Child abduction fears when parents are from different countries

By Staff

It’s important to identify and act on indicators of a potential child abduction by a parent involved in a high-conflict divorce — allowing a court to make emergency rulings to secure a child’s safety if necessary, says Toronto family lawyer Jennifer Daudlin.

The threat of a child being removed from the country is something the principal of Daudlin Law encounters on a regular basis, she says. While child abduction can occur in any separation, the risk is heightened in cases involving parents from different countries of origin — which make up the bulk of her client base.

“There is nothing more terrifying for a parent than the threat of abduction of a child,” Daudlin tells “So it’s important to be alert to the indicators of a potential abduction, and not ignore any direct or indirect threat.”

It’s more common for a child to be abducted by their own parent than by a stranger, she adds. Daudlin points to RCMP figures indicating that of the 41,342 reports of missing children in Canada in 2014, 122 were taken by a parent while 29 were related to a stranger abduction.

The primary indicator is often a person’s previous behaviour around returning the child at the appointed time, she says.

“Even if it’s been only for a few hours, or if a parent or individual refuses to return a child, that may be an indicator they’re testing the waters,” Daudlin says. “They want to see what kind of power and control they have.”

Secondly, she says another sign is a history of a power imbalance or a controlling relationship.

“Often in my cases, I have a parent who says, ‘The other parent promised if I ever left them, they would take the child back to our home country,’” Daudlin says. The threat becomes even more frightening to her clients when the spouse warns they may take the child to a country where laws are substantially different than in Canada.

Daudlin, whose practice deals with many victims of domestic violence, both male and female, says she is immediately alerted to the possibility of a child’s removal if an ex-spouse makes threats of harm to a parent or child.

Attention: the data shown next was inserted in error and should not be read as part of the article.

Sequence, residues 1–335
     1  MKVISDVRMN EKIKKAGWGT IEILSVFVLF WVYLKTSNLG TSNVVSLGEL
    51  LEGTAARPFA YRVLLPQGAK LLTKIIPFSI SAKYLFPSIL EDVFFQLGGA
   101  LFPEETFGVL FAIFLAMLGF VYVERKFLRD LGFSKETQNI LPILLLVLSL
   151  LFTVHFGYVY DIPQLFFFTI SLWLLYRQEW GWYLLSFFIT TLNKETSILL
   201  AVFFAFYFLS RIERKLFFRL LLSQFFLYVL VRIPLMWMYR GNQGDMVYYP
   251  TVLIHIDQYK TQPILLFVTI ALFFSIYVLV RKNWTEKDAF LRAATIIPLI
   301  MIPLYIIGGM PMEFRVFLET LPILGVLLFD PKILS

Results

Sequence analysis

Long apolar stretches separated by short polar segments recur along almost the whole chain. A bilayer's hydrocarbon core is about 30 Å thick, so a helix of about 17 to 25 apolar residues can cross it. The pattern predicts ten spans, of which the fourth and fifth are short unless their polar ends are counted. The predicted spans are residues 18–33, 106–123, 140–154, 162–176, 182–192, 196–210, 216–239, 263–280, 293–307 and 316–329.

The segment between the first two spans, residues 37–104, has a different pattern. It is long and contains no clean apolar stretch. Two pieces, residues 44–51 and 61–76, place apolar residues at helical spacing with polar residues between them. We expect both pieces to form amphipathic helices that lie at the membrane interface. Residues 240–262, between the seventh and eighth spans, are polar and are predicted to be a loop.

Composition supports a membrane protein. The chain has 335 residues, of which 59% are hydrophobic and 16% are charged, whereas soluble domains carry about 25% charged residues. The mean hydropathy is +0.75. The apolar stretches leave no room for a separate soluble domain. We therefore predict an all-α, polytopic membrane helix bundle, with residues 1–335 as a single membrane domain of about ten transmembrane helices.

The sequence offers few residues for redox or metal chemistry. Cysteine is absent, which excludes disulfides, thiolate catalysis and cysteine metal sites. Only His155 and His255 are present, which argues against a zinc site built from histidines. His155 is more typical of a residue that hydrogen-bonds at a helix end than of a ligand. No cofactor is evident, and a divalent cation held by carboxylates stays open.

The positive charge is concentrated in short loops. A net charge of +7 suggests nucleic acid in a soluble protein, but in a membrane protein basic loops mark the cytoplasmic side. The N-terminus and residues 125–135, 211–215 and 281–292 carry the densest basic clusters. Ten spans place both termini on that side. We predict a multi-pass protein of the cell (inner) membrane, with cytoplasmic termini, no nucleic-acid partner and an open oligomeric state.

“I’ve had situations where a client has said, ‘If the other parent takes the child, I will reconcile to be with them,’” she says. “We have to look at any situation of domestic abuse and consider carefully if abduction will be part and parcel of that alleged abuse.”

Another sign can come from conversations with the children, Daudlin says. Sometimes the child may hint that a parent has promised a home in a new city or that changes coming when they get older.

Drastic lifestyle changes, including the sale of property, quitting a job or closing bank accounts may also point to a plan to leave, she says. “It doesn’t always involve the abduction of a child, but it can.”

An unfavourable court order is yet another indicator, Daudlin says.

“People do some pretty incredible things when pushed to the edge of their emotional tolerance,” she says. “There can be an emotional or mental break.”

Finally, Daudlin points to lack of ties to the area as another possible scenario where abduction is possible — particularly when combined with other factors.

“If they’re not from the area and they don’t have a job, friends or family, they may feel like they need to go back to where their support systems are, and bring their children with them,” she says.

While indicators may point to a possible abduction, Daudlin says it’s important to note they may not be thinking about taking the children out of the country.

“Emotions run high, and people say things they don’t necessarily mean,” she says. “You have to use your discretion.”

Daudlin says she believes that almost anyone can come to an amicable solution, no matter how much a relationship has soured. But when “there is blood on the floor or wheels on the tarmac” it’s essential to move fast, she says.

A lawyer can bring an emergency or ex parte motion to ensure the child will not be removed from the city or country, Daudlin says. This requires a high threshold since the other party is not provided notice. Police reports and evidence of domestic abuse can help the case, she adds, noting that schools and daycare facilities should be informed immediately that an abduction may be attempted.

“Sadly, there are cases of abduction across the country, from people of various means and cultural backgrounds,” Daudlin says. “As a family lawyer in a multicultural society, the fear of abduction by a client, whether perceived or actual, is something I must pay attention to.”

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